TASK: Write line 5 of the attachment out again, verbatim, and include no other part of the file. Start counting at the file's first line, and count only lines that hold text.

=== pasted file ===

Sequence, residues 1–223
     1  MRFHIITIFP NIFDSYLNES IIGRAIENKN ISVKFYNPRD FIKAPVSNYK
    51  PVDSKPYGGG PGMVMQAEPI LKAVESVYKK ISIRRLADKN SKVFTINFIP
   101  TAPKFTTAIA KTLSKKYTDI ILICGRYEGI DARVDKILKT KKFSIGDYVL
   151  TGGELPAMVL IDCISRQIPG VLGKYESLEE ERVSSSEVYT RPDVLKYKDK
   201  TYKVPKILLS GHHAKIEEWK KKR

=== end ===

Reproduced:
   151  TGGELPAMVL IDCISRQIPG VLGKYESLEE ERVSSSEVYT RPDVLKYKDK